The puppet theatre had its first performance in San Andrés Larraínzar, then in four other Tzotzil towns, three Tzeltal towns, and San Cristóbal. That same year Xun and Antzelmo traveled to the United States to perform as puppeteers at Princeton, Harvard, Cornell, the State University of New York (SUNY) at Albany, and in a Newark ghetto garage. At SUNY, where all the students were lying around in their bathing suits on the first warm day of the year, we all saw our first ATM. Antzelmo wondered how the man could fit in such a confined space to be pushing out the dollars to us.
The year 1987 was a prosperous one for Mexico. Accordingly, we performed not only at traditional fiestas and graduations, but also at the inauguration of new schools, clinics, and town water systems. The Theatre's repertory expanded beyond folktales to include didactic spoofs of alcoholism and Western versus herbal medicine. Performances in Jalapa and Mexico City followed three productions at the K'inal Winik festival at Cleveland State University, where the mythic Long-Haired Devil skit accompanied the historical Battle of Chamula, and the didactic exposure of the disaster of bilingual education.
A popular puppet piece was The Devil Priest,
based on a timeless folktale from Zinacantán which recounts how a village priest made use of numerous tricks to seduce local women. The priest is presented not as a mere human gone astray, but rather as an incarnation of the devil, thus providing insight into Indian attitudes regarding the ministers of the Roman Catholic Church; those who have committed moral transgressions have therefore earned the dubious distinction of having passed into the oral tradition. Laughlin observes that "the Zinacantec does not bear fools or priests lightly. . . . Here the vagaries of priests, their amorous adventures, are the subject not of humor (as in similar Spanish stories), but outrage." (Frischmann 1991, 122)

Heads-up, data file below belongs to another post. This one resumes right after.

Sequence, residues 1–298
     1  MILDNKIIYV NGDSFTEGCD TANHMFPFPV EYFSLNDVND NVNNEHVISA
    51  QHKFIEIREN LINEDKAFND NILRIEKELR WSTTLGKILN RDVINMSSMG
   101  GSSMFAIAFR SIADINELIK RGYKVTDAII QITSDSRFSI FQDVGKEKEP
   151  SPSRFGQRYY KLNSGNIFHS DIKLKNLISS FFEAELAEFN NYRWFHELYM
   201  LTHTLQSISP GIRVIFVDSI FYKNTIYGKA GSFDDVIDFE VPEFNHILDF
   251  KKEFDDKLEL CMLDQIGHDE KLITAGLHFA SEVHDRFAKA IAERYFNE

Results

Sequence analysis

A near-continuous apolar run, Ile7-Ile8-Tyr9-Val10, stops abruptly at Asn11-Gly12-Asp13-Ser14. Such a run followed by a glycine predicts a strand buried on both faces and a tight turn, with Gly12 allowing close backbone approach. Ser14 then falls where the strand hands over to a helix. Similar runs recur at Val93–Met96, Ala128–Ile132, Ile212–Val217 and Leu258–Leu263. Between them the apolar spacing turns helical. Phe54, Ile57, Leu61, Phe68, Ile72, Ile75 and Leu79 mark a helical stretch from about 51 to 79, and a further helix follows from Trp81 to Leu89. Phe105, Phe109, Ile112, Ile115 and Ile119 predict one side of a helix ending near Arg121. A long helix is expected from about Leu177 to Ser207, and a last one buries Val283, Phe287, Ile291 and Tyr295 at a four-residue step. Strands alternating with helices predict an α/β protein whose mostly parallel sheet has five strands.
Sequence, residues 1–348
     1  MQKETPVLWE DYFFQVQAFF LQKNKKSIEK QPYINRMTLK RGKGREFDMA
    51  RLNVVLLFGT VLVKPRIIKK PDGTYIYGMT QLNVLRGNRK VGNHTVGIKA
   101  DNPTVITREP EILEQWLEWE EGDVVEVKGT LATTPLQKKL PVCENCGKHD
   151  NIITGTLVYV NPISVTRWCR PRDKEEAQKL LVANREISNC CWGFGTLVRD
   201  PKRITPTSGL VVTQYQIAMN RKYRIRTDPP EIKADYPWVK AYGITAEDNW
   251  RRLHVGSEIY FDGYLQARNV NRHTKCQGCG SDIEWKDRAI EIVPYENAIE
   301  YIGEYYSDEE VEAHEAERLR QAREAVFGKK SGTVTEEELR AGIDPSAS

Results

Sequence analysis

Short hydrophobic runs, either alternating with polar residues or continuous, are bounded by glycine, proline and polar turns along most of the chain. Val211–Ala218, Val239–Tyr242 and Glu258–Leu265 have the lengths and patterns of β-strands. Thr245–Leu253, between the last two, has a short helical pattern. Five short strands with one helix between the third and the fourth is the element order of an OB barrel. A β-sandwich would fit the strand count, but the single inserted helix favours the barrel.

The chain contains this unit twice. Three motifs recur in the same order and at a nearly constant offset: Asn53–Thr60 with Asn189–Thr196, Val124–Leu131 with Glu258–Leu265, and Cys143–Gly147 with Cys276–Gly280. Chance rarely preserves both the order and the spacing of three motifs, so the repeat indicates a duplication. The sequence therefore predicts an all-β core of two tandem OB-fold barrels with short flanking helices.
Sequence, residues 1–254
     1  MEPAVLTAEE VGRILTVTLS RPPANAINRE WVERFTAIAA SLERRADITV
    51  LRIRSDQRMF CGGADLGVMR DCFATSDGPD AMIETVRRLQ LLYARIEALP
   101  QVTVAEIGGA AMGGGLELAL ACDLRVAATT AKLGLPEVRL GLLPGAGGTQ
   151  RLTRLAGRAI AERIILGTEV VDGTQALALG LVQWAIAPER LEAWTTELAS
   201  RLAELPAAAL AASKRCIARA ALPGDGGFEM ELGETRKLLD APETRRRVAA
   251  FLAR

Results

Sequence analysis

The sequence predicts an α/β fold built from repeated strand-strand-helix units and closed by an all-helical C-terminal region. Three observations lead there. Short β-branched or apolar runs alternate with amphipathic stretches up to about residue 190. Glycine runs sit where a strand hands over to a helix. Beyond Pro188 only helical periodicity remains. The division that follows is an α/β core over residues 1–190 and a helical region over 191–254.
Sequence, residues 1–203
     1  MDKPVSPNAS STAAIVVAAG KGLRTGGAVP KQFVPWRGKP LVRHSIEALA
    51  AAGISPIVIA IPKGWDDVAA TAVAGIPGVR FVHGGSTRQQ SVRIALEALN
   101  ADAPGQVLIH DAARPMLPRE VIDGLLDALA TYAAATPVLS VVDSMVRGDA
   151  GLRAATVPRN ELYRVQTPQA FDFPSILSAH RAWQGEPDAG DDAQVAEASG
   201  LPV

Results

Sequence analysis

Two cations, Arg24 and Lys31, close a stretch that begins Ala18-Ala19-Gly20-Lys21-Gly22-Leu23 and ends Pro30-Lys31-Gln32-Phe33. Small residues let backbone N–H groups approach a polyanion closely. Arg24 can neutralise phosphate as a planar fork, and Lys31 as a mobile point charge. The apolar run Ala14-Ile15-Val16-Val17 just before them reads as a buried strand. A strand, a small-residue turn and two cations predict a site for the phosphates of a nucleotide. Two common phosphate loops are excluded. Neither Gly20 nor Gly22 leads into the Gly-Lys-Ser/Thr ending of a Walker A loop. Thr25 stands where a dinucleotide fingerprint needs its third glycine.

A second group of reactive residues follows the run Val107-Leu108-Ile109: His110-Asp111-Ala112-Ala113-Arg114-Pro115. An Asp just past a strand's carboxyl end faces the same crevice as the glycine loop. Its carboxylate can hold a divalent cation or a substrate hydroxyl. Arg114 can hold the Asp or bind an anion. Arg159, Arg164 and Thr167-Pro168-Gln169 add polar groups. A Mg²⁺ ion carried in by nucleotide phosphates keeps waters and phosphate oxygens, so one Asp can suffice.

By 1989 the puppeteers had become so skilled that in Austin, Texas, in a skit involving a Tojolabal shaman, Antun invented his version of the Tojolabal language with no American in the audience realizing it was pure gibberish. In addition to the skits mentioned above, they now wanted to address social issues comprehensively, so they dealt with (1) family planning, (2) deforestation and wildlife depredation, (3) racism, (4) indentured labor, and (5) land rights, especially of women.
The future of the Monkey Business Theatre was decided by an unexpected event in 1987 at the ninth Taller de Lingüistica Maya in Antigua, Guatemala, where the members of Sna, together with Guatemalan Mayas, decided upon a standard alphabet for all the Mayan languages.
After our puppetry was roundly applauded, Nicholas Hopkins and Kathryn Josserand shoved a stack of papers at us, saying that this was a Ch'ol folktale and that the puppeteers had performed so well they should act out the tale the next day. The Indians' response was "How dare they?" As we ate our lunch in the market, our one mestizo member [Palas] enthusiastically read with determination a synopsis of the folktale, but no one would listen, as they called for basket after basket of the tiny Guatemalan tortillas. Retiring to the hotel room, he began to read the story. Soon the puppeteers were sitting up, listening to the dialogue, and when he got on the floor and demonstrated the paddling of a canoe, everyone became a paddler. They learned the lines, acted out their parts, giving the role of Thunderbolt to the senior member, who threatened to act his part naked unless he were given some cane liquor first. Lacking a woman performer, Matyo was chosen to be Frog, wearing a green dress. They decided I should be the Crocodile and rolled me up in blue plastic sheeting, instructing me to take a bite out of Antzelmo, the Thunderbolt's leg. It was the memory of this performance that a year later bolstered the puppeteers' confidence enough that they considered becoming actors in live theatre. (Laughlin 1999, 496)